So, since I’m looking for work (QA and related hoo-haw), I checked out the Careers page and found this: http://blog.glowforge.com/at-glowforge-we-pay-for-diversity/
It made me wonder if there was an update for current percentages and if those goals are still true. I know wanting a diverse workforce and getting one are two different things. I did like the spirit behind this message, though. Working in Silicon Valley for ~20 years, I’ve valued a diverse workgroup that is often lacking - especially in management. (Let’s just say that the straight white male Stanford startup excels at creating a monoculture and leave it at that.)
So… did it work out? Did it create drama? I’d love an update since this isn’t a very common approach in tech companies.
Go check their About Us page: https://glowforge.com/about-us
It looks like they’re doing good and everybody I’ve encountered has been wonderful. Win for them and win for us!
I missed that page! That’s a really healthy mix. [To straight white guys that may be offended by this concept, it’s not about you. This is not a disapproval of your skills or personal value - in fact, you are just as valuable as the people on display here… and that’s the point.] As a gay [QA] guy that’s just turned 50, I’ve had my share of employment drama over the years, so it’s good to see this.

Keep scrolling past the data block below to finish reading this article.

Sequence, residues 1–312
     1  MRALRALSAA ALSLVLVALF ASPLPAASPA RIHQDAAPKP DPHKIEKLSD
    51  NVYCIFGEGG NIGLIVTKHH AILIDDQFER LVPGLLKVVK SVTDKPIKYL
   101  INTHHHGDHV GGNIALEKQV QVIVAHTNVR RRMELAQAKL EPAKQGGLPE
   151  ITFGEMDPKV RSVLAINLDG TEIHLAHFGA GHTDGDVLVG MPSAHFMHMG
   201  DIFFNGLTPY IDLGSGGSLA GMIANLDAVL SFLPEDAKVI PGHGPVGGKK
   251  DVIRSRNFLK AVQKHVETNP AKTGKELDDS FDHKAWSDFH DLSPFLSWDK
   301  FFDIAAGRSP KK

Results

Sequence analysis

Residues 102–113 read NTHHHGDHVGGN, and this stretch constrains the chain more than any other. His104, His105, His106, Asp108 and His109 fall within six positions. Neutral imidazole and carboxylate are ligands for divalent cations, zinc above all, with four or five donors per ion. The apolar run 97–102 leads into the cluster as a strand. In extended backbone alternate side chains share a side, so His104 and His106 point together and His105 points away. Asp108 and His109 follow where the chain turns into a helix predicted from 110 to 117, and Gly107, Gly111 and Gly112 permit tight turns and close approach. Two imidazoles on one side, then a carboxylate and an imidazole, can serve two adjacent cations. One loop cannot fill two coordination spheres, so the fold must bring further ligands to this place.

Good question. In my perception GF has taken efforts to diversify their staff, although I’m quite sure they didn’t allow that effort to compromise their need for the highest qualified people. That’s what sticks out. As far as culture, gender or LGBT - Glowforge is blind.
Women are well represented. A young lady electrical engineer by the name of Aeva springs to mind, she has her work represented on the Moon and Mars. How many straight white male engineers can say that? As I listen to my laser working away in my shop, I’m tickled to know she had a hand in it.
As a team, they shine. And I have it on good authority, this is how they feel about their customers…
I can also attest to the fact that @Dan lives this idea in all he does. I was lucky enough to get him to speak at a conference nearly two years ago on innovation, and a few of the key concerns he had were about diversity mix in attendees, attendee safety, and all of the things that are critical for making conferences safe and good for all attendees, participants, and presenters.
While this was a great and mutually beneficial opportunity for both the conference and for Glowforge, I know that if Dan felt that anything was not up to his / the company’s standards, he would not have joined us and presented. (He was, by the way, one of the group’s favorite speakers from the entire conference.)
Working with Dan (and @Bailey) to get Dan to the conference and instill in them the confidence that everything was being handled properly - and that the company I work for was similarly aligned and places significant importance on diversity, safety, and the like only solidified that I had made a great decision in pre-ordering a Glowforge (though I was nowhere near the initial 30 day campaign) - and having my forge for the past several months - and all of the great dialog, interest, and learning in this community only serve to reinforce this on a daily basis.
So yes, they walk the walk as well as talking the talk.
Thank you Dan - and Glowforge - for all you do , and all you have done, and all that is yet to come!
Hahaha! I’m sure at some point that has been true…